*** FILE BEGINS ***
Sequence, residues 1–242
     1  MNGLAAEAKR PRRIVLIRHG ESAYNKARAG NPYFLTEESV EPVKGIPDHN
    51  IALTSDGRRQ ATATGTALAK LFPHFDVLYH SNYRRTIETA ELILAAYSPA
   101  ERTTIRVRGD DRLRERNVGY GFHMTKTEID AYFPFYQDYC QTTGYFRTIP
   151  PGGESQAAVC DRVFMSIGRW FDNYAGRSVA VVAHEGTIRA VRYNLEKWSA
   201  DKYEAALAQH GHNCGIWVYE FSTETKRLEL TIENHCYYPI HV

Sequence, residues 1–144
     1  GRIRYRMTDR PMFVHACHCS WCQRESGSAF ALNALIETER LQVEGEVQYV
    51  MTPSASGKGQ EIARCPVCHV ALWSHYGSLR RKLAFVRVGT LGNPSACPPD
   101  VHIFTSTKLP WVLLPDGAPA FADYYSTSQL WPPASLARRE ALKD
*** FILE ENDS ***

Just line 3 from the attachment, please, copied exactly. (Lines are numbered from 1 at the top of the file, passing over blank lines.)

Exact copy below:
    51  IALTSDGRRQ ATATGTALAK LFPHFDVLYH SNYRRTIETA ELILAAYSPA